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The 5 Browns In Hollywood

The 5 Browns

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Album Review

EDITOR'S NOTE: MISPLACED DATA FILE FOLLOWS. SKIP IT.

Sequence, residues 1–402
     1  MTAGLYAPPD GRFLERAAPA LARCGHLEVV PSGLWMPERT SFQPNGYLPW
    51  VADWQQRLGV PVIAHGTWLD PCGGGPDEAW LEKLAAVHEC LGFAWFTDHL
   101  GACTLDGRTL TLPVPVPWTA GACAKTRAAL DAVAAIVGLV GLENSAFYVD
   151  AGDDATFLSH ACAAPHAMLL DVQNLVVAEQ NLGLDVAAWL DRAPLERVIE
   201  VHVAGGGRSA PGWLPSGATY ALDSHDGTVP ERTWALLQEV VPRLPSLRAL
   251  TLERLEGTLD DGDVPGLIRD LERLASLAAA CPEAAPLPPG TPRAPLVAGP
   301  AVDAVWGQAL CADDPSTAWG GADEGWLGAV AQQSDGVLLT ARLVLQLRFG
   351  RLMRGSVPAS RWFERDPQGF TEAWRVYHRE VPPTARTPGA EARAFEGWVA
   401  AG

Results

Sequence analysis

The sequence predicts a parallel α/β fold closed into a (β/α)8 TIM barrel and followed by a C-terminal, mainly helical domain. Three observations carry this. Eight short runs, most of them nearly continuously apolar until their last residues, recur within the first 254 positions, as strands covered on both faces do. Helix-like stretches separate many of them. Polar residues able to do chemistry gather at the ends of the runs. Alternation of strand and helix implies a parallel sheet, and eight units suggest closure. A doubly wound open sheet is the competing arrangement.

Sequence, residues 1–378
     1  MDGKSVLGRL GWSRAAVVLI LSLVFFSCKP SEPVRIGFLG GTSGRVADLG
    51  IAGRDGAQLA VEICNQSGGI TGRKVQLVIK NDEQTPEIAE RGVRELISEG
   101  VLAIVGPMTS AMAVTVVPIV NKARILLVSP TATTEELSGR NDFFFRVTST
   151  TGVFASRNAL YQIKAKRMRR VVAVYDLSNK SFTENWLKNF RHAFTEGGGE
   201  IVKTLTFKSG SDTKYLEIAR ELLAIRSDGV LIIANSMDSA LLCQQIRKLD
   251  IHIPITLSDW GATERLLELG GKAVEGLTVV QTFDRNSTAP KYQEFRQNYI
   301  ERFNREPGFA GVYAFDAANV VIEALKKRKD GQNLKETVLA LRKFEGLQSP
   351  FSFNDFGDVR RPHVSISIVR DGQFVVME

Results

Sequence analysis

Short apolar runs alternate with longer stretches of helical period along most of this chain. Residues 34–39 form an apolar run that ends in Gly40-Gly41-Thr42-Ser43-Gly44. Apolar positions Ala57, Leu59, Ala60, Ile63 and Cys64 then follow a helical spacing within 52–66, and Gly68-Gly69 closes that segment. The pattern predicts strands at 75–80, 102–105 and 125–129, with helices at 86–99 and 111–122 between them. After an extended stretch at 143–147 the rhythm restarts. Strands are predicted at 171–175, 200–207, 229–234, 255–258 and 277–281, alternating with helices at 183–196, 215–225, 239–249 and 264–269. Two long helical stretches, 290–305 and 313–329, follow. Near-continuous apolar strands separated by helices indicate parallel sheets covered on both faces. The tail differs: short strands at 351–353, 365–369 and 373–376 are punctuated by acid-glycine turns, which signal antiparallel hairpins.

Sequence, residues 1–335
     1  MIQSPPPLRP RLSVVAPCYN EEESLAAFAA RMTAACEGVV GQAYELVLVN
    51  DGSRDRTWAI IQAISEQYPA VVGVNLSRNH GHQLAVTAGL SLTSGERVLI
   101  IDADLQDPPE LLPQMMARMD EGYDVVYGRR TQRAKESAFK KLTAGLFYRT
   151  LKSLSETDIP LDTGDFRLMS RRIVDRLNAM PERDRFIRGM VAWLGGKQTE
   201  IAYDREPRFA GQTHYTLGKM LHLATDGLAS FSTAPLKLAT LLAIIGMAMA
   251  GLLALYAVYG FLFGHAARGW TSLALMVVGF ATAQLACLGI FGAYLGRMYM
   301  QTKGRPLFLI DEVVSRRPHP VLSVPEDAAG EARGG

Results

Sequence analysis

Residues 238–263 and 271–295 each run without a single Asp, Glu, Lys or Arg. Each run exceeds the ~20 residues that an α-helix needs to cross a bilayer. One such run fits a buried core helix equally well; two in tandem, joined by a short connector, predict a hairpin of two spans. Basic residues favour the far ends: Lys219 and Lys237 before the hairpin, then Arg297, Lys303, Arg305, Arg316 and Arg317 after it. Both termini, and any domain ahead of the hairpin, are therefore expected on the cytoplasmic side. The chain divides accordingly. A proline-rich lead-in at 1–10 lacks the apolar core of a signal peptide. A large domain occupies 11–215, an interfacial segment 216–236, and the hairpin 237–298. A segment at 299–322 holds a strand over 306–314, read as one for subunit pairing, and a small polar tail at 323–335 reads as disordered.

As the 5 Browns' E1 Entertainment release The 5 Browns in Hollywood hit the stands, there was a flurry of articles going around examining the phenomenon that a one-time defining concern that a musician, particularly in the pop field, was guilty of "selling out" had ceased, in the 21st century, to be an issue. For some, the terms "selling out" and "going Hollywood" mean essentially the same thing, and yet by virtue of going Hollywood here, nothing could be further from the intentions of the 5 Browns in making this album. They grew up with, and continue to appreciate very deeply, the music in Hollywood films and The 5 Browns in Hollywood is a very sincere effort to extrapolate what they like about film music; it comes from a heartfelt place and makes for some exciting and attractive listening. In this collection, the various Browns appear singly, in sub-divisions, and full group mode and play their hearts out on a program — largely arranged to some degree as is necessary — made up of mostly classic and a few relatively contemporary film themes. There are many fine highlights here; the dynamic heft of the full group brings fire to suites based on Star Wars, Bernard Herrmann's themes for Hitchcock, some Disney tunes, and others. Exceptionally noteworthy among the smaller gatherings is Gregory Brown's sensitive take on Scott Joplin's "Mexican Serenade" Solace — featured, you'll remember, in the 1973 Oscar winner The Sting — and Ryan Brown's turn playing a fine solo arrangement of music from Philip Glass' score for The Hours. So many cheesy, half-hearted Hollywood-themed classical albums have appeared over the years that one could easily understand a little reticence in picking this one up, but there's absolutely no reason to avoid it; it's a strong effort, fun, and just about as entertaining as a good movie.~Uncle Dave Lewis, Rovi

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